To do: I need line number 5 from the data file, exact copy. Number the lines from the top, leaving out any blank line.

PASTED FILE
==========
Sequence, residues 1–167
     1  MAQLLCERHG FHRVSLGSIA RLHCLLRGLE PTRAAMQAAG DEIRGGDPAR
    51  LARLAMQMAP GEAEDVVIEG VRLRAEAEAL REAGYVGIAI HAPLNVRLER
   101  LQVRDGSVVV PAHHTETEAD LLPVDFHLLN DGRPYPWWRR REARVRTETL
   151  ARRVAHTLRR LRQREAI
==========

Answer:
   151  ARRVAHTLRR LRQREAI